Researchers at UC Irvine have developed an organoid culture system capable of generating three-dimensional molecular gradients. This recapitulates in vivo tissue development more accurately than current two-dimensional organoid culture systems and will allow scientists to study human-specific disease mechanisms in native tissue.
·Organoid culture for studying neurological disorders.
·Organoid culture for drug discovery/screening.
·Enhance our understanding of human-specific disease mechanisms.
·Recapitulate in vivo tissue development more accurately.
·High-throughput drug screening applications.
·Three-dimensional molecular gradient system.
Studying neurological disorders has long been a challenge for scientists due to the limited availability of human brain tissue and the incredible complexity specific to human brains. While much progress has been made using 2D human/rodent nerve cell cultures, they lack the 3D environment present in tissues. The recent development of the organoid, a self-organized 3D tissue typically derived from stem cells, has given scientists a new system for studying diseases at the tissue level. Organoids enable patient specificity (as they can be derived from patient stem cells) while recapitulating 3D tissue-like structure and function in a dish. Furthermore, they are also more accessible for manipulation and in-depth biological studies compared to rodent disease models. Unfortunately, this system suffers from poorly controlled development and exhibits significant variability in cellular complexity. This highlights the need for more effective ways of developing organoids such that the stem cells they are derived from can more accurately recapitulate native organ development.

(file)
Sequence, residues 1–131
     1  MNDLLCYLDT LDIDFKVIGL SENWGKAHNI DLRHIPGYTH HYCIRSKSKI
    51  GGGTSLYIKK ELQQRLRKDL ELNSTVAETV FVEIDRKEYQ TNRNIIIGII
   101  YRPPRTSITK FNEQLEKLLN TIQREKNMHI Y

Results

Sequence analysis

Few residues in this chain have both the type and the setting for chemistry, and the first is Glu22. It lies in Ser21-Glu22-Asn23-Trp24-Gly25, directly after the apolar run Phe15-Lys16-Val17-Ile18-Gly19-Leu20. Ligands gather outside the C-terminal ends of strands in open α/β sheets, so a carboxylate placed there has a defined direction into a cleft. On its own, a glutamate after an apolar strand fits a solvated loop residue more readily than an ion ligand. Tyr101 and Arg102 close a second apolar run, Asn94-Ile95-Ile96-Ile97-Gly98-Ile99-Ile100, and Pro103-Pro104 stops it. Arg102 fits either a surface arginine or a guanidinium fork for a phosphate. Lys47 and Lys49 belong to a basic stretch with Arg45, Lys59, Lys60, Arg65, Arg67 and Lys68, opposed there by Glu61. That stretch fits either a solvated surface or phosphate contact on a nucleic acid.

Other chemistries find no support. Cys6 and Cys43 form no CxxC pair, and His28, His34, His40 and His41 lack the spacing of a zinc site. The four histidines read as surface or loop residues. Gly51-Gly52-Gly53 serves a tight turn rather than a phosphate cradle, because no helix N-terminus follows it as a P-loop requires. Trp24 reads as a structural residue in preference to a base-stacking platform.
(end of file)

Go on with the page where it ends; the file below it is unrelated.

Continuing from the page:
Researchers at UC Irvine have developed a 3D organoid culture system that allows for the delivery of multiple “molecular gradients” (see Figure). These molecular gradients are critical for stem cell-directed tissue patterning and development and have allowed these researchers to generate properly formed human brain organoids with defined brain regions such as the cortex, hippocampus, and amygdala. The researchers have demonstrated that the delivery of these molecular gradients does indeed result in graded gene expression throughout the organoid (i.e. high expression of gene X and low expression of gene Y on one end of the organoid, low expression of gene X and high expression of gene Y on the other end of the organoid). This bioengineering solution allows for more faithfully recapitulated, human-derived brain organoids and provides a platform for studying human-specific disease mechanisms and drug screening applications. Additionally, this culture system can be developed to generate organoids from other tissues such as the intestine and heart.
In vitro studies